Michael Cox: How Eric Dier gave Pochettino – and Hodgson – yet more food for thought
By the end of the campaign, Tottenham supporters might look back upon Monday’s late 2-1 victory at Watford as a crucial game. It felt like the moment Spurs became genuine title contenders this season, with Mauricio Pochettino almost sheepishly admitting “the numbers reflect that it is possible”.
There are two entirely contrasting ways to view the win. The first is that it was a touch lucky: Son Heung-min's flicked winner came with just two minutes remaining, was struck from an offside position, after Watford had come within inches of scoring themselves, and came against a side who were reduced to 10 men for the final half hour.
For the first time at Spurs manager, Pochettino started with a three-man defence, dropping Dier back into his more natural position as a centre-back
The second way concerns the manner Spurs started the match. For the first time at Spurs manager, Pochettino started with a three-man defence, dropping Eric Dier back into his more natural position as a centre-back, and pushing his full-backs forward to become wing-backs. It was more 3-4-3, or 3-4-2-1, rather than the usual 4-2-3-1 – and Spurs dominated the first half.
Pochettino is famously a disciple of fellow Argentine coach Marcelo Bielsa, who he played under at international level, and one of the fundamental Bielsa principles is always ensuring your defence has a spare man at the back: two centre-backs against a lone striker, three centre-backs against a forward duo. And while Pochettino hasn't stuck to this principle previously, the fact that he was playing against the division's in-form strike partnership, Odion Ighalo and Troy Deeney, was surely the reason he opted to use an extra man at the back.
The key man, of course, was Dier. Having performed with incredible composure in his central midfield role, he nevertheless remains more comfortable at the back. Here, playing as a spare man either side of Toby Alderweireld and Jan Vertonghen, he generally took up covering positions as his central defensive colleagues stuck tight to the strikers, rarely having to make challenges on the ground but positioning himself well to make clearances.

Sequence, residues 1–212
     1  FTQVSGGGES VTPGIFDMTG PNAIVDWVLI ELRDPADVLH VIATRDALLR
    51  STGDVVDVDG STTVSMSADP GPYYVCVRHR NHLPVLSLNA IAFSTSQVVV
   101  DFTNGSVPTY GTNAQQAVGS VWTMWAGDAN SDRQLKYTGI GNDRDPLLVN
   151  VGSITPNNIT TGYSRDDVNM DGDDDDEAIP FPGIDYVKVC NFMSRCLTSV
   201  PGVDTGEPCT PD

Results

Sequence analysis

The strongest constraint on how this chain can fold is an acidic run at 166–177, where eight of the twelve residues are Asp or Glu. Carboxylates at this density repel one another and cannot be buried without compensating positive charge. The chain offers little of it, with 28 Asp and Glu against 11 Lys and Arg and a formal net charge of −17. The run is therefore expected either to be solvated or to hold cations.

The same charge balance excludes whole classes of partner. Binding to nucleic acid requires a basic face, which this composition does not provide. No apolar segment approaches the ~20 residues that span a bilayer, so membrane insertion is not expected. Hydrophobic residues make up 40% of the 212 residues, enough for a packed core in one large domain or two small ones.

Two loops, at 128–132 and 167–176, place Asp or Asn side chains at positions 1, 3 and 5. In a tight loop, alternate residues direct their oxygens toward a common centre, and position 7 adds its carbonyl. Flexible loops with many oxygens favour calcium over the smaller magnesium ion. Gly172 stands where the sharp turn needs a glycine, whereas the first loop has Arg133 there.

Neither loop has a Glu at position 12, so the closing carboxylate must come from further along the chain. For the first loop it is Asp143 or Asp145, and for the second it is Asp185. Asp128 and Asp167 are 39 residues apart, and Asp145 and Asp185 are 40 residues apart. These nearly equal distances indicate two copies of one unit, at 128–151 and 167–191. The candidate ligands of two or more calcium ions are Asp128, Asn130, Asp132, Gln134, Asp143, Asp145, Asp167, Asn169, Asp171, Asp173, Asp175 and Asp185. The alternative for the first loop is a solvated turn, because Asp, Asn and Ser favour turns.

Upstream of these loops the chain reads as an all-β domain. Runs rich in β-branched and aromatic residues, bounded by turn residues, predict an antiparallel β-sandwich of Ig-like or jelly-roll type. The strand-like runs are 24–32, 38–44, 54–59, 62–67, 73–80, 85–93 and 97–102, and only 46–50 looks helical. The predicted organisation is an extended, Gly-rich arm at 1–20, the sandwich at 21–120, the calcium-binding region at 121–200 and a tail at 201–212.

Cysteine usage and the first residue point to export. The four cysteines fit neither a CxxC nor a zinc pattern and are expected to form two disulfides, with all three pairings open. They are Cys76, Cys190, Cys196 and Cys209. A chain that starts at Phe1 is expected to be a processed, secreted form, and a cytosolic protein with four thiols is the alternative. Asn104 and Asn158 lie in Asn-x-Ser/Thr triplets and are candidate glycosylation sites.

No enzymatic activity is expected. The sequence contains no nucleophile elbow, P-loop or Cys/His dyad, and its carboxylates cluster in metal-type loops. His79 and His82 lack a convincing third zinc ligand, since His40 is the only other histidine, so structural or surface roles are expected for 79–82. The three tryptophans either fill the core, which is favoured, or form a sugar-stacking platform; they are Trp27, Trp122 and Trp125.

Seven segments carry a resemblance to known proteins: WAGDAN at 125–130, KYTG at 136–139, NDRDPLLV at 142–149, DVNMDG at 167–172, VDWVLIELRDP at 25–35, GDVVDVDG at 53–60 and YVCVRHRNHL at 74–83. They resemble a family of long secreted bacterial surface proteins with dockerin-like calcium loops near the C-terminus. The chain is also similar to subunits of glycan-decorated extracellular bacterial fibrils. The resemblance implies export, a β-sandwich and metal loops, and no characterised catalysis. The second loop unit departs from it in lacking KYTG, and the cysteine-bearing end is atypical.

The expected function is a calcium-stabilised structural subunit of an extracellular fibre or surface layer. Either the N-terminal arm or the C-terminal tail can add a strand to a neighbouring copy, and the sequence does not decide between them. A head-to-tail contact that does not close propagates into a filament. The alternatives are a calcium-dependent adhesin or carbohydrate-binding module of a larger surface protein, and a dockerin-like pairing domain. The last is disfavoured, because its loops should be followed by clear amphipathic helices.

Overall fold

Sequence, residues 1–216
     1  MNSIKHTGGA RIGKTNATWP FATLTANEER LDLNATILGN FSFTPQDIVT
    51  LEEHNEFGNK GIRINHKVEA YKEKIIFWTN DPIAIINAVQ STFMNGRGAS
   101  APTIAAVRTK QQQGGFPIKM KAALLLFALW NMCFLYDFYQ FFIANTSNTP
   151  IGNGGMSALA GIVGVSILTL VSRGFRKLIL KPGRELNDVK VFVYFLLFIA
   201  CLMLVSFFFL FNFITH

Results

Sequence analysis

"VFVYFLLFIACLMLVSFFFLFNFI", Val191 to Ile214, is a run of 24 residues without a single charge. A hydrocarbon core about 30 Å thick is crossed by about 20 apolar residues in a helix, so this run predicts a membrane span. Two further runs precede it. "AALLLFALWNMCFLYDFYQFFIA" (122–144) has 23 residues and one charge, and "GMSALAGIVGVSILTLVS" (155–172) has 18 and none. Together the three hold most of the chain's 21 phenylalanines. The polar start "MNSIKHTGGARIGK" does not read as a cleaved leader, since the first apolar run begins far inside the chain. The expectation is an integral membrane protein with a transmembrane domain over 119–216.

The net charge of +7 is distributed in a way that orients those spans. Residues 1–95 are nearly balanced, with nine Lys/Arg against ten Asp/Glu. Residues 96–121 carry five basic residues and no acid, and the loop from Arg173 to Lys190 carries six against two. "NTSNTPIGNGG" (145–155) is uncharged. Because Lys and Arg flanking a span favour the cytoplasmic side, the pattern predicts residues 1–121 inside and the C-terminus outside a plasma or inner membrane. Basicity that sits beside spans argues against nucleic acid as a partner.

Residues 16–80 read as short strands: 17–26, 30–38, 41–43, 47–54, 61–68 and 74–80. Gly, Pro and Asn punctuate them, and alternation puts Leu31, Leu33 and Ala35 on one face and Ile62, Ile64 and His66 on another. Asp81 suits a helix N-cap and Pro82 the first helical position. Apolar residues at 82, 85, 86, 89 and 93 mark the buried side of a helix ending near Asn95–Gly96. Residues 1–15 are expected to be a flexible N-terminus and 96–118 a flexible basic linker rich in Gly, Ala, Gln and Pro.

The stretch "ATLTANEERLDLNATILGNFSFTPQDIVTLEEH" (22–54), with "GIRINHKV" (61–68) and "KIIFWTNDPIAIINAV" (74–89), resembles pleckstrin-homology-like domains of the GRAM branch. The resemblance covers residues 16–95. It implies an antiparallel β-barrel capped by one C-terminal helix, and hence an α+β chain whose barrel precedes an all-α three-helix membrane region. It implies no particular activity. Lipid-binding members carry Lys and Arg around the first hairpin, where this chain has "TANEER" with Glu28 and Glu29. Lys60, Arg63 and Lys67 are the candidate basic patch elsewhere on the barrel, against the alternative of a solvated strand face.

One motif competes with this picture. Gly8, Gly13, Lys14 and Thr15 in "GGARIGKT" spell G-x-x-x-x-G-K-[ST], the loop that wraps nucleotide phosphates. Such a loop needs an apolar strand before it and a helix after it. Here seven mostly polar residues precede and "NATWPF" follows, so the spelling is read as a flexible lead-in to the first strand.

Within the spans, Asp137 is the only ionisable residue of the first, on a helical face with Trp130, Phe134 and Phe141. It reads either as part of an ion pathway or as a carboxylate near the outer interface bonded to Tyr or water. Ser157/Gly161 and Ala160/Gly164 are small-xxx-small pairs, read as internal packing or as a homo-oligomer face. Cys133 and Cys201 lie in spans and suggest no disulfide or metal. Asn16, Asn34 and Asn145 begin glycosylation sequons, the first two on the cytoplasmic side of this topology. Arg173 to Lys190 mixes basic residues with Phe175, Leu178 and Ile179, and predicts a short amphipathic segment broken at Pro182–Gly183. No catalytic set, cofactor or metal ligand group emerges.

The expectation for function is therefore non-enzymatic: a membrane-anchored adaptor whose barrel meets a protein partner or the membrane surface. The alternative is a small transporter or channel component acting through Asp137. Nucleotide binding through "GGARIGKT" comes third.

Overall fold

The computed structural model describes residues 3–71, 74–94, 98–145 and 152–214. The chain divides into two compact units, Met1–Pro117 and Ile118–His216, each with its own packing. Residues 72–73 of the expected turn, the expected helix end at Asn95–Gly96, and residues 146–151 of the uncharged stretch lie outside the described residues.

Perhaps the most notable thing about Dier's use alongside Vertonghen and Alderweireld was the quality of the distribution from deep positions. The two Belgians are known for their quality on the ball, but Dier's experience higher up the pitch has made him better in possession too. He played some neat passes into the midfield zone, and also hit longer balls to the flanks in order to bypass Watford's midfield press.
The main beneficiaries of Dier's deeper positioning, though, were Danny Rose and Kieran Trippier. Both naturally energetic, attack-minded full-backs, they both pushed higher up the pitch, stretching the play and allowing Spurs' regular wingers inside into more narrow positions – from where Erik Lamela opened the scoring.
The advanced positioning of the wing-backs was notable throughout, particularly from the number of crosses they played into the box. Rose needs to improve on this area of his game significantly, but Trippier impressed with some tremendous whipped balls into the penalty box – and his final ball of the day was converted by Son for Spurs' late winner.
By this stage Dier was spending plenty of time in midfield, as Spurs were playing against 10 men and pushing forward for the winner. His versatility could be absolutely crucial for Pochettino over the next five months, giving him the option to switch between a three-man defence and a back four without having to change his personnel.
It might also be useful for Roy Hodgson, too. With Jack Wilshere's latest injury setback meaning England are struggling badly in the deep midfield position ahead of Euro 2012, Dier could be selected in the knowledge he can cover two positions, meaning Hodgson can take an extra attacking player. Continued assured performances for Spurs, in either position, and Dier might even force himself into England's first XI.
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